good design

Living room redesigned

Kandy was my first experience working with a designer, and it was such a positive one! She is fun, friendly, open, responsive, and very talented and creative! She worked with me to assess my style, my priorities, and really helped get creative to stay within my budget. Not only do I love the spaces she helped me create, but I also feel like she introduced me to valuable resources and design skills that I have used on my own since. I highly recommend her!
— Amy

Amy had a lovely sunny living room, art and accessories from her family and her travels, but she was suffering from long narrow living room syndrome, which is a common Chicago apartment problem. 

She willingly wanted to get rid of her furniture and love seat, which were a little bit too big for the space. They were pieces she had bought used years ago and they never were quite what she wanted. Normally, I try to work with the pieces that owners already have but in this case replacing the oversized sofa was a good call. 

One of her concerns was to make sure that she had enough seating since she was getting rid of the love seat. The love seat was replaced with a chair and she had an additional chair she could pull in from the desk next to the sofa when needed. 

My design plan was to create two zones. One would be centered around the fireplace and be for conversation and people watching, while the other would be for her desk and a reading nook. 

Sometimes you have to play with layouts. The first one I sketched up used the couch to really delineate the space. Unfortunately it just wasn't a very good flow for the apartment. When I did this initial sketch the cable was on the side of the wall by the window, which is why the tv is located there. Ultimately we ran the cable around the room to the other side. 

This is the option that we ended up going with. The couch under the windows and the chair at an angle. It provided enough space to move through the room and get to the door which lead to her bedroom. In this instance it is the rug that helps define the space. 

RoomSketcher Snapshot.jpg

This was definitely a collaborative effort. Amy needed help with layout and ideas for furniture but we worked together to pick items for her space. She was the one who found this fabulous rug which really added color and life to the space. Amy was kind enough to snap a photo on her iphone and send it my way. I'm not always able to get the fancy pictures, but this really gives an idea of how much the flow was improved and a bit of life breathed back into the room. Plus kitty agrees! 

If your space could use a little design help then fill out this form today for an initial complementary fifteen minute consultation to discuss your design needs. 

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Depression fighting alternatives that don't involve going for a walk

I'm not sure which came first the clutter or the depression, but I do know that they are inextricably linked. The problem is when my depression kicks in daily tasks become challenging. Some days it is enough just to make it to work and home. Thankfully, not every day, but it does happen sometimes that I only have enough energy to come home, scramble some eggs for dinner and lay on the couch. 

It's frustrating because there is so much I want to be doing in my life and in my business, but I've learned that fighting those days is much more exhausting then just embracing my brain's need to check out for the day.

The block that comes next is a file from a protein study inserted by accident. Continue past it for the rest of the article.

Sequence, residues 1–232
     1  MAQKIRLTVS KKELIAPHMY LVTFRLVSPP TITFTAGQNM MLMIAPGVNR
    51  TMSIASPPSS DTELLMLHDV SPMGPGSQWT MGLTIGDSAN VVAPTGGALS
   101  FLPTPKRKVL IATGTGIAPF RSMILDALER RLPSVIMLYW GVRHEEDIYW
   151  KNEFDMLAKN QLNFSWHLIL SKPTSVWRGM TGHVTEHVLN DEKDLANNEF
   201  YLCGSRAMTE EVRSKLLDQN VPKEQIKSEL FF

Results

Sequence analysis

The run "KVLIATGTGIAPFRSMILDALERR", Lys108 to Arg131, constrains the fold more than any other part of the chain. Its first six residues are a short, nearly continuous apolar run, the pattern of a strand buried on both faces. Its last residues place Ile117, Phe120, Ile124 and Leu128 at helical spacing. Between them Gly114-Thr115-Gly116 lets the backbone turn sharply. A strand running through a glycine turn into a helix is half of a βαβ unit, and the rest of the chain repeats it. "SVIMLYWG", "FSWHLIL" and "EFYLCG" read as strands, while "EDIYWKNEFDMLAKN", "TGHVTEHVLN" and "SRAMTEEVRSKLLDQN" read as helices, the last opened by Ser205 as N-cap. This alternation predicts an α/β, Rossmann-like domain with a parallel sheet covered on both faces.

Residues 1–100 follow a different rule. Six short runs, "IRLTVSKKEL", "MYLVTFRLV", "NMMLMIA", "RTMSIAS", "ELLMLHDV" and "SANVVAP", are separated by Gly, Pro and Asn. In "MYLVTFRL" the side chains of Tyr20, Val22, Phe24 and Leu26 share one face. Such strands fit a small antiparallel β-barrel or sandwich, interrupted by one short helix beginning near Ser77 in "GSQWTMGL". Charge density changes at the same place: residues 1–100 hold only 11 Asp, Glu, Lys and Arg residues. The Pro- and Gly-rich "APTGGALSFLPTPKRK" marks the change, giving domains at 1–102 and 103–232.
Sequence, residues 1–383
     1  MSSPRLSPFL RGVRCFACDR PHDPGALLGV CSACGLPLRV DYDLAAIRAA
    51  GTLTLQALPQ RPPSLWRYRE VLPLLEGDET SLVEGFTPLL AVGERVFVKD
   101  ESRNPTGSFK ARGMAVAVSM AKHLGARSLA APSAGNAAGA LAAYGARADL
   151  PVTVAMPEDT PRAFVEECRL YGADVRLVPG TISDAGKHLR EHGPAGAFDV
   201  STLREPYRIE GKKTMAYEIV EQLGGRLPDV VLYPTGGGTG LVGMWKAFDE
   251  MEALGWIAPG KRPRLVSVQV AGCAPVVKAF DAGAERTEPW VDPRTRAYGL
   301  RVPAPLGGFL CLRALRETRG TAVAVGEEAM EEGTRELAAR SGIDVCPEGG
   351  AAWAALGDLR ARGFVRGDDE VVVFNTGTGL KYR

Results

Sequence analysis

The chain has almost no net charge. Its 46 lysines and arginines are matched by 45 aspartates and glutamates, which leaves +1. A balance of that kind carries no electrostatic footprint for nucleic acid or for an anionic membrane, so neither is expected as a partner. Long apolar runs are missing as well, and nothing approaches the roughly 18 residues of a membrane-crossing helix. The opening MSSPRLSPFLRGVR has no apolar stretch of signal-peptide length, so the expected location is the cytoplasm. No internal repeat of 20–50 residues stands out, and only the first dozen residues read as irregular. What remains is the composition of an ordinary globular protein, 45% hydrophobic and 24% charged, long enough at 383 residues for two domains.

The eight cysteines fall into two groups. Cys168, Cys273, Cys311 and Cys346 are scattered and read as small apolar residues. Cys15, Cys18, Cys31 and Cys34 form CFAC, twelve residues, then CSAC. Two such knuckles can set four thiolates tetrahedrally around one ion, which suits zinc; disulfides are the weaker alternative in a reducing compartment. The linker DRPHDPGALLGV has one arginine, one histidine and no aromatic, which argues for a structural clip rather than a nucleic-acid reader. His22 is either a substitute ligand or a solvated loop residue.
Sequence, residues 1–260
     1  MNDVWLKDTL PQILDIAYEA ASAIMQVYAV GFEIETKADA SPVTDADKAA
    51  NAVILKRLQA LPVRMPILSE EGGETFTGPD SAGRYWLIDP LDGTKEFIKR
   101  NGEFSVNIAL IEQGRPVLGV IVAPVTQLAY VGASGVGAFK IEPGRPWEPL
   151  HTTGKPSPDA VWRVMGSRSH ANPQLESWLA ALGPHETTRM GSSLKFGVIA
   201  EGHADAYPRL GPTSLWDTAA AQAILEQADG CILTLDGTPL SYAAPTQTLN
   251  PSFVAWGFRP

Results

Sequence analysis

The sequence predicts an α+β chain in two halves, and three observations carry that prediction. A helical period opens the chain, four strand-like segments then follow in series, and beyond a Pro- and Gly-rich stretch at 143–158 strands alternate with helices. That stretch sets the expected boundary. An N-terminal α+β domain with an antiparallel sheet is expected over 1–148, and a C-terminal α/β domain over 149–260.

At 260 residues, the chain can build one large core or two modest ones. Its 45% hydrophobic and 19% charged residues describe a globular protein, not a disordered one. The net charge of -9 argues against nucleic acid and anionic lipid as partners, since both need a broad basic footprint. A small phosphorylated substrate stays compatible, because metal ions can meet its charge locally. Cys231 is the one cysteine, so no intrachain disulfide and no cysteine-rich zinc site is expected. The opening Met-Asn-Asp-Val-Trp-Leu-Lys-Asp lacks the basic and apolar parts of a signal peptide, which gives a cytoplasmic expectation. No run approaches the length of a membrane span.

I've found a few ways to keep the clutter at bay because once the clutter creeps in and becomes chaos then I don't want to do anything because the whole situation is just too overwhelming. 

Doing the #minsgame each month has been extremely helpful (I did take a few months off because of holidays and winter malaise). Clearing out the unnecessary and unwanted items decreases visual clutter and makes room for me to put things in their proper place. 

I've also tried to create 'getting home' systems. My keys, coat and bag go in the same place each day and I don't set the mail on the counter. It either gets taken care of immediately, or more likely it's junk mail and it gets recycled. 

A place for everything and everything in it's place makes it easier to put things away. When there is space for those items I feel capable of emptying the dishwasher and clearing up. If there isn't space and I start to pile things up then it just creates chaos in my cabinets and drawers and I don't feel like putting away the dishes or the laundry. 

It's ok to let things slide for a day or so. Don't beat yourself up if the house doesn't look perfect or guest worthy. That does not help at all when you are having a hard time. 

To summarize:

  • Embrace your version of minimalism. I wrote a post about finding my path to minimalism because it doesn't look the same for everyone. If you do need help decluttering or want to learn more about minimalism then join the Minimalism Challenge Support Group. You'll get the help you need. You can also follow me along on my decluttering adventures on Instagram.
  • Create a landing zone. Mine is tiny because I live in an apartment and I don't have an entryway, but I've still managed to find a place to put my everyday items. 
  • Make sure everything in your home has its own spot. If it doesn't, then you may need to think about getting rid of it! 
  • Wallow for a day. I find if I give myself permission to not have to adult that I usually chill out for a couple of hours and then find the energy to clean up. Sometimes, not always. Depression can be a fickle master. 

 

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